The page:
5 Highlights From Ray Dalio’s Chapter 4 — The Big Cycle of The U.S. & The $
On July 16th, Ray Dalio published part one of a two part chapter on the economic trajectory of the U.S.. Part one goes through WW II. Part two will bring the U.S. trajectory current. Chapter 5 will focus on the economic trajectory of China.
Dalio’s last piece looked at the rise and fall of the leading reserve currency empires over the last 500 years, ending with the British Empire’s decline in the first half of the 20th century. In this chapter he examined the rise of the U.S. as it progressed along the path taken by all previous dominant reserve currencies including the long-term debt/monetary cycle, the wealth and political gap cycle, and the global geopolitical cycle.
When these seismic shifts in how wealth and power are distributed occur within countries (i.e., via revolutions) or between countries (typically through wars, though sometimes peacefully), the old world order breaks down and a new world order begins, and the process starts all over again.
1. We Are In A Period Of Transition From U.S. Dominance To Shared Dominance Between U.S. & China
Dalio uses a Power indices (see below) that aggregates eight different types of power (education, competitiveness, innovation/technology, trade, economic output, military, financial center status, and reserve currency status) to show the rise and fall of empires over time. This indices highlights an increasingly shared dominance between China and the U.S.:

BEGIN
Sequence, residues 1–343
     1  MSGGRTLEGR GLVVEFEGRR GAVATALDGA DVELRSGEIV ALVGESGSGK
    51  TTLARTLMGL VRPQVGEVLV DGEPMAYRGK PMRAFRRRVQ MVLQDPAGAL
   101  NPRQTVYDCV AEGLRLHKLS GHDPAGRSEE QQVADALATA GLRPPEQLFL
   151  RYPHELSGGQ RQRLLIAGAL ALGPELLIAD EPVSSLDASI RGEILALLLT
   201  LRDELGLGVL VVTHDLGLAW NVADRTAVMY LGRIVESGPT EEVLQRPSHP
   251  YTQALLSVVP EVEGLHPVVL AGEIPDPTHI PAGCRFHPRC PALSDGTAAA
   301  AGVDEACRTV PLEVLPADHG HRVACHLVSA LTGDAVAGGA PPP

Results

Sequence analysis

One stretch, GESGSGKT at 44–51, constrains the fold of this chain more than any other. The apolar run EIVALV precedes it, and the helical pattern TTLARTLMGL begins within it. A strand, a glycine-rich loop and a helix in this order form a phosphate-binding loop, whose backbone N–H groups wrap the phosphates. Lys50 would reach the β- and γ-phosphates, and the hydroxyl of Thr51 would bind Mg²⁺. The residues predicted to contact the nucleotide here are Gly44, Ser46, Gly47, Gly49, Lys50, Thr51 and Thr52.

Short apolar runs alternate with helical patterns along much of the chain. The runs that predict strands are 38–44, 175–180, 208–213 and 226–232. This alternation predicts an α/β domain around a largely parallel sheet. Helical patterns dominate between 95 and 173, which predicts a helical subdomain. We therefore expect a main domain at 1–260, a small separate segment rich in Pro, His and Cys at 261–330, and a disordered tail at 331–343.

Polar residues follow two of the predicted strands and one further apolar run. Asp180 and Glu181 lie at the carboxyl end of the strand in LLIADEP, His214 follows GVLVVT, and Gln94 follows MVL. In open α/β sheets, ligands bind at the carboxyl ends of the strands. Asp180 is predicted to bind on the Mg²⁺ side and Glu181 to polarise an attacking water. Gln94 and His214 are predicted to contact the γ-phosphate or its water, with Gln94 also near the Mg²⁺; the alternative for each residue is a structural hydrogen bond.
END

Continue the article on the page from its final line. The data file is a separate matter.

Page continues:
2. While The Majority Of The Shrinkage In The “Standing” Gap Between The U.S. and China Is Due To China’s Rise, 20%+ Is Due To The U.S.’s Decline
Of the eight types of power Dalio tracks, the U.S. has seen dramatic decreases in relative status in four (education, trade, output, and competitiveness).
The U.S. has largely retained its relative strength in innovation, reserve currency status, financial center power, and military. But China has gained on the U.S. in all eight areas tracked (to be detailed in Chapter 5), and it’s trajectory (as seen in the first graph) should be a concern to all Americans.
3. Dalio Sees Parallels To Today’s Growing Number Of Fascist Leaders & Economic Sanctions & The Depression Era That Lead To WW II
In 1929 the Roaring ’20s bubble burst and the global depression followed, leading all countries to turn to more populist, autocratic, nationalistic, and militaristic leaders and policies. Germany, Japan, Italy, and Spain, with less well-established democracies turned to fascists (the right). The Soviet Union and China turned to communists (the left). The US and the UK became more populist and autocratic, but not nearly as extreme as other nations.
In addition to the internal conflicts and resulting political shifts, every country faced external economic conflicts as they fought for greater shares of a shrinking economic pie. Those conflicts lead to a sequence of intensifying tests of power that led to WW II and the new world order in 1945. Comparisons between the 1930s leading to World War II and today, with regards to fascism and economic sanctions, are especially interesting to Dalio.
In the Roaring ’20s a lot of debt was created to buy speculative assets (stocks). When the Fed tightened in 1929 to curtail speculation, the bubble burst and the global Great Depression began. The U.S. turned protectionist to safeguard jobs, enacting the Smoot-Hawley Tariff Act in 1930, which further depressed economic conditions globally.